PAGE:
1. re: soupkitten

                                              Interesting. I thought it WAS a joke. A real, honest to goodness joke; just some playful ribbing. And not a "joke" in quotes, implying it wasn't a joke at all.

                                              Just goes to show how much is in interpretation of what we see on screen. None of us can know for sure, unless or until Falkner gives an interview discussing her opinions on him.

                                          2. re: soupkitten

                                            Interesting to see how different people interpret what they see so differently. I acutally got the impression that Faulkner and Chiarello might know each other and be buddies, so she was comfortable with making that joke about tripping him (or whatever comment she made). Faulkner seems like a nice person, so I didn't take it as a jab at Chiarello....just how I saw it.

                                          3. re: The Dairy Queen

                                            I agree, I really like Falkner! I admit I knew very little about her going in to this season, but she seems to be very organized, calm and consistent. I think she'll stick around for a few more weeks.

                                        4. Apparently the Food Networks Facebook page was inundated with people complaining about the outcome of the cook-off and are now refusing to watch the rest of the show.

                                          17 Replies
                                          1. re: DiningDiva

                                            Symon was an eloquent advocate for the pesto and the woman judge sounded like she concurred. Having peanuts in every component of the (losing) dish shouldn't make it superior if the total dish wasn't as delicious as the competition. Frying the legumes to make the pesto was more original and took greater risk than what Irvine attempted -- the difference between creative and clever perhaps.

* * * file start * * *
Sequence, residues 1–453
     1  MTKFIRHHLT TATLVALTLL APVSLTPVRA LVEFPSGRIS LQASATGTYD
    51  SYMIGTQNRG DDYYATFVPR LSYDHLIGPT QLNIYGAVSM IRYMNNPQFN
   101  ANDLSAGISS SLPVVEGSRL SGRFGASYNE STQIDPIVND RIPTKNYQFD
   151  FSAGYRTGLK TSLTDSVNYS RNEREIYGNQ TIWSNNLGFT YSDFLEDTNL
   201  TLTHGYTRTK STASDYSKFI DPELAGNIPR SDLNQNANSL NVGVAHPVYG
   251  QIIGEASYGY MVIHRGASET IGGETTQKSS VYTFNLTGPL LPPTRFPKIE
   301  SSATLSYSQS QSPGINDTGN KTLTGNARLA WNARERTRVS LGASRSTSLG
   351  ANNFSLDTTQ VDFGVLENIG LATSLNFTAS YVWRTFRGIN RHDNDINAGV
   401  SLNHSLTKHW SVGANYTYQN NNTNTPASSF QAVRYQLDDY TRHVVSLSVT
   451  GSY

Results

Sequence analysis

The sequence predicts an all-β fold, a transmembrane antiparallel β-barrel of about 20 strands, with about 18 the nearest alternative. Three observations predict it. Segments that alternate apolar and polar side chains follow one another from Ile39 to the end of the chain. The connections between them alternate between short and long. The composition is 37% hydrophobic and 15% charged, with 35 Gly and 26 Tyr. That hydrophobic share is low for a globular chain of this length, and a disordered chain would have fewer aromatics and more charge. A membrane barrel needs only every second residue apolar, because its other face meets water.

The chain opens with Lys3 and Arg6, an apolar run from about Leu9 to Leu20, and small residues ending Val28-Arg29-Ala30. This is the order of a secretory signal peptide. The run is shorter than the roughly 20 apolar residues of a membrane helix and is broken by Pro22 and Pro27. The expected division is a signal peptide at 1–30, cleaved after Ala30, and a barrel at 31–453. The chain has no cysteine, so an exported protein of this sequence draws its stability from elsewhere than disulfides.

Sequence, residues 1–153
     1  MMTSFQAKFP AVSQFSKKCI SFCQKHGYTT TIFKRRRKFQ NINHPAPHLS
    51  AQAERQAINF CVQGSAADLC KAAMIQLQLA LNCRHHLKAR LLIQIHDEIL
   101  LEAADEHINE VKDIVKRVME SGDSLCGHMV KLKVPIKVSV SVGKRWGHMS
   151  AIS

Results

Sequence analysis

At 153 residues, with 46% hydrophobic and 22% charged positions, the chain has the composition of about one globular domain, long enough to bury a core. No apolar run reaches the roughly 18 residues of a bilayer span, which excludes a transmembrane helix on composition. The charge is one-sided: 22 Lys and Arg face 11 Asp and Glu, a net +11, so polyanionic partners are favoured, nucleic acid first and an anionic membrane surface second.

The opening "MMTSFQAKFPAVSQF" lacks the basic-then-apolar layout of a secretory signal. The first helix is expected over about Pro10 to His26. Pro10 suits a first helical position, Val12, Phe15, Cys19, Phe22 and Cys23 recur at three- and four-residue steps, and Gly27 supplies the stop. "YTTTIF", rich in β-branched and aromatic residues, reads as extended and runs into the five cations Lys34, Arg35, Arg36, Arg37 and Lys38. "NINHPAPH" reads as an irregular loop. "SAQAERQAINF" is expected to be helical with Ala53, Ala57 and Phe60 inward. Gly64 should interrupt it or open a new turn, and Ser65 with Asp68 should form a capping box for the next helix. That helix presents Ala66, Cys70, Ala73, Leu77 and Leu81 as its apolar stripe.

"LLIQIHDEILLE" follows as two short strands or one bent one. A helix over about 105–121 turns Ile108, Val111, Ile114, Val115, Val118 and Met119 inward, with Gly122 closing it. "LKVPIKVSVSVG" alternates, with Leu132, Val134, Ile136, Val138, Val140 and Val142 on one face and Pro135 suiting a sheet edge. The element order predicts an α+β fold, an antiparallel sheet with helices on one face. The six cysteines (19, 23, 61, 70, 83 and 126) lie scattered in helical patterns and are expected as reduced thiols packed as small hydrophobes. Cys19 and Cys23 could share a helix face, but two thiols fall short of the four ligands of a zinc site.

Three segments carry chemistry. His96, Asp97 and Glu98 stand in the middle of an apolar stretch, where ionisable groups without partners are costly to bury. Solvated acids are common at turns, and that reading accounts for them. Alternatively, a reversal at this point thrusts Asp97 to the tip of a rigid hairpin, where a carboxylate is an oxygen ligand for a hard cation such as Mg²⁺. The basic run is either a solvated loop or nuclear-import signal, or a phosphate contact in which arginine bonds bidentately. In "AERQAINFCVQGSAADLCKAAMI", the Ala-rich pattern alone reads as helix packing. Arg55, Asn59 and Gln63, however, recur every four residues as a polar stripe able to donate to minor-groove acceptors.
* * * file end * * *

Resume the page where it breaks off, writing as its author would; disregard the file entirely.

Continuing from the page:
1. re: moto

                                              Not to mention making pasta from scratch in like 30 seconds.

                                              MC's dish looked delicious. RI's not so much.

                                              1. re: moto

                                                I agree.

                                                I did think both Irvine's and Chiarello's dishes looked good (Oh, if only we could taste these things!) but in a choice between the two, I would go for Chiarello's.

                                                1. re: huiray

                                                  I doubt I would ever order peanut and pesto pasta. It sounds atrocious. I hate peanuts on my pad thai....but that's the closest dish to pesto and peanut pasta that I'd ever eat.

                                                  1. re: Worldwide Diner

                                                    Yeah, I love peanuts straight up. For some reason I hate them in both savory dishes and desserts.

                                              2. re: DiningDiva

                                                Some of those comments are pretty hilarious. Who knew RI had such a fan base?

                                                ~TDQ